Alice in Wonderland
One Hundred Fifty Years Later: A New Magic Lantern Phantasmämphigory
March 4, 2015
5:00PM- 5:50 (followed by questions and discussion until
Michael Heyman travels to sunny San Diego all the way from Boston, where he is a professor at Berklee College of Music. At Berklee, Michael teaches courses on Children’s Literature, Poetry, Arthropodiatry, and Nonsensical Nunchaku. When not teaching, he writes poetry, plays saxophone, and carries out scholarly investigations in various areas of esoterica—including the parararational, pataphysical, and nonsensical).
Professor Heyman is a world-renowned scholar and writer of literary nonsense and children’s literature. He has edited The Tenth Rasa: An Anthology of Indian Nonsense (2007), and his poems and stories for children can be found in The Puffin Book of Bedtime Stories (2005), The Moustache Maharishi and other unlikely stories (2007), and This Book Makes No Sense: Nonsense Poems andWorse (2012), which he also edited.
Of his talk, the good doctor writes: “Alice’s Adventures in Wonderland lives one hundred fifty years after its publication not because Alice is a princess in a literary fairy tale, not because of our own flirtation with Charles Dodgson and Alice Liddell, and not because Alice has become embedded in our culture as innocent, vixen, or queen of psychedelia; rather, Alice in Wonderland lives because of its uneasy balance of all of these things and more. Its genius lies in what it does more than what it is. And what it does is nonsense. This talk, part magic lantern show and part paean to Lewis Carroll’s nonsense literature, does the unthinkable: it separates analysis from interpretation, it values the cart over the load. It offers the greatness of Alice as a teasing and tempting nonsense process, in its ability, like Humpty Dumpty, always to leave egg on our faces.”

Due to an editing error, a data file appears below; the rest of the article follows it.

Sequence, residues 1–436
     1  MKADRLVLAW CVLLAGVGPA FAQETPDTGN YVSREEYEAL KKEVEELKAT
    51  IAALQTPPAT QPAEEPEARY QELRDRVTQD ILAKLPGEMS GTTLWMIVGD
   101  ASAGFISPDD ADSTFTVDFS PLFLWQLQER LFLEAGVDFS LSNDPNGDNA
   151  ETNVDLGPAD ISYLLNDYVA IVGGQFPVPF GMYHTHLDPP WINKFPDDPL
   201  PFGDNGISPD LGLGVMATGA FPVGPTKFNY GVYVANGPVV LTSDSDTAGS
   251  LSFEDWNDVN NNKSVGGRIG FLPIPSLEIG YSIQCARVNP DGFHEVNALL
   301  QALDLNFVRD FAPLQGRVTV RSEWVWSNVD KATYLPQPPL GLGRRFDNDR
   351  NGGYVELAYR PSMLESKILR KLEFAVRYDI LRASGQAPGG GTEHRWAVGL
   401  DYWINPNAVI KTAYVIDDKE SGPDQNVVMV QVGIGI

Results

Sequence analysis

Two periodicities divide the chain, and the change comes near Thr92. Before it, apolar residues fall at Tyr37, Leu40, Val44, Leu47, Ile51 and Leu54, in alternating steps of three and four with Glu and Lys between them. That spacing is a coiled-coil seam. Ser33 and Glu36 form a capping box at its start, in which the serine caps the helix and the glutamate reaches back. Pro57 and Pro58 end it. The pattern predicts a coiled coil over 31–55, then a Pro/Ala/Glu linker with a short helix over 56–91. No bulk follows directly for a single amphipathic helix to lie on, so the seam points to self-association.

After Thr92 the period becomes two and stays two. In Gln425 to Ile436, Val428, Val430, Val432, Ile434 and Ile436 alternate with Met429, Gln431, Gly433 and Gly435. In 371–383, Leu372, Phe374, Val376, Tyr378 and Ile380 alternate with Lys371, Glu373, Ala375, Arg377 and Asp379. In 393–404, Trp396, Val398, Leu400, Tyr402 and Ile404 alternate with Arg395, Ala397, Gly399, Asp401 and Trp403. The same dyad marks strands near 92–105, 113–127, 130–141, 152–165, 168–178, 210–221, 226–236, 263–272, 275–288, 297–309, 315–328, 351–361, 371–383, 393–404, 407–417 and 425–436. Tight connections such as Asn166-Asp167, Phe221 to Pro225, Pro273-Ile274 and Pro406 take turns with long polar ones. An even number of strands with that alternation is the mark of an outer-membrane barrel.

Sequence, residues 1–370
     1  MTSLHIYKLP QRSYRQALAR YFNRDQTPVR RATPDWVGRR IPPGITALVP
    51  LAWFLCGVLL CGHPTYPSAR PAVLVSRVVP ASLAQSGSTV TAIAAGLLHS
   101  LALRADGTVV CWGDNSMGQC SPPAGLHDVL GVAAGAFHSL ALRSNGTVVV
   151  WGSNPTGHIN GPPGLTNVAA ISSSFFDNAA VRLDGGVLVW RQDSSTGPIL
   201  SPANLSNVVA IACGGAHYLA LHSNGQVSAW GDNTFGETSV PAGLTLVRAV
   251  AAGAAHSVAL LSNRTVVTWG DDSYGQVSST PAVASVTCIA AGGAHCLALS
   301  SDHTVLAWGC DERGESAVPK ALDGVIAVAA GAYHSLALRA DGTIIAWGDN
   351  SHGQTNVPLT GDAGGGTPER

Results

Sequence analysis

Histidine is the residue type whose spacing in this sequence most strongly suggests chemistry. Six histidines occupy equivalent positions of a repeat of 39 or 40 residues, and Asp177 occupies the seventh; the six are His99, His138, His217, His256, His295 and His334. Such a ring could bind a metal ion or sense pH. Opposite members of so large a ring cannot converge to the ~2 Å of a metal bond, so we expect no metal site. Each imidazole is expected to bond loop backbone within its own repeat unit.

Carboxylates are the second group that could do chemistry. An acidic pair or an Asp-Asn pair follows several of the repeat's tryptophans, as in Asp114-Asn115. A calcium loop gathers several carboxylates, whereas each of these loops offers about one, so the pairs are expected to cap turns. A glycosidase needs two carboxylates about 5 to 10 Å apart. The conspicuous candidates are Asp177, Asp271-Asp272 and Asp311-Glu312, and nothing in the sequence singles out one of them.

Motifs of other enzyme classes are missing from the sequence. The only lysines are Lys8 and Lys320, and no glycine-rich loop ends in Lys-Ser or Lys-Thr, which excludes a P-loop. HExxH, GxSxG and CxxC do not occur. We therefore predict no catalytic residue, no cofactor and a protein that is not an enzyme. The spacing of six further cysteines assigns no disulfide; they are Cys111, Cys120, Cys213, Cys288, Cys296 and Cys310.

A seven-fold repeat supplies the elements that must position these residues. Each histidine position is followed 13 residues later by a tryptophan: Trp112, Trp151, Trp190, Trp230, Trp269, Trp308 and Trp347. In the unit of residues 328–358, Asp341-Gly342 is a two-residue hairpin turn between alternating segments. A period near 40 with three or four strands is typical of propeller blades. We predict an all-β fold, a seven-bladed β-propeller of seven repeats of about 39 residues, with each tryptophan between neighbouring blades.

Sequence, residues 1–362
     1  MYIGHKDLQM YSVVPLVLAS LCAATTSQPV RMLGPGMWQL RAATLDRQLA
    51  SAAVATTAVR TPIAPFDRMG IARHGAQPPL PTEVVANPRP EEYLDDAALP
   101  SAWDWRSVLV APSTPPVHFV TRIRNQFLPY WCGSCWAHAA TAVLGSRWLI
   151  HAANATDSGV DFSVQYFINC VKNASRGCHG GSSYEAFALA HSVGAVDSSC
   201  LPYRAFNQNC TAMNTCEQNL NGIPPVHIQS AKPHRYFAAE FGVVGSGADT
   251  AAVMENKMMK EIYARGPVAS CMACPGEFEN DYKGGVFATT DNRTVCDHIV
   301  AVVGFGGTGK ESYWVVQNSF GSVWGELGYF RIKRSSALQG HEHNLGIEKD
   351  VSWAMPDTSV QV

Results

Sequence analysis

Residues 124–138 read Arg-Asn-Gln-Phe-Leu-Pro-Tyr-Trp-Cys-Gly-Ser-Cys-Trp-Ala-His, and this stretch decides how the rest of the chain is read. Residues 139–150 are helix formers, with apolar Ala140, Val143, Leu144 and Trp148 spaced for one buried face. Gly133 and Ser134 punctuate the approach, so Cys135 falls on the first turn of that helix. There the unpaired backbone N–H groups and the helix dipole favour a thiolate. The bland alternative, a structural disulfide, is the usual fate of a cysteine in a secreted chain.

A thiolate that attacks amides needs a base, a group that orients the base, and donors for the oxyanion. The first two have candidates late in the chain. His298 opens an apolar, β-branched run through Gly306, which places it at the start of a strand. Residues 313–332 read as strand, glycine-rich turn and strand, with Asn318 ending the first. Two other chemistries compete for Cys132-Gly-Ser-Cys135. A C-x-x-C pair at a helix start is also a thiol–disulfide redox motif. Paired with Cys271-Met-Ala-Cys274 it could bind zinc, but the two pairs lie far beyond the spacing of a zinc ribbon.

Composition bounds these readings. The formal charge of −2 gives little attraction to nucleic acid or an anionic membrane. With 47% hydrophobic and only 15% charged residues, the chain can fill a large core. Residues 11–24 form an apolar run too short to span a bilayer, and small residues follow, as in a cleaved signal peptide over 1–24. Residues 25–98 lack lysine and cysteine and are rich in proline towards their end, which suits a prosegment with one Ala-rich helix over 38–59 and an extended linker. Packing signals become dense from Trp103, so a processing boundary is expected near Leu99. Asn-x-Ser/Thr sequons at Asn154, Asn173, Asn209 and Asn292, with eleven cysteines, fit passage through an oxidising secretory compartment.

The lecture is open to the public and we encourage students, community members, and faculty to join us!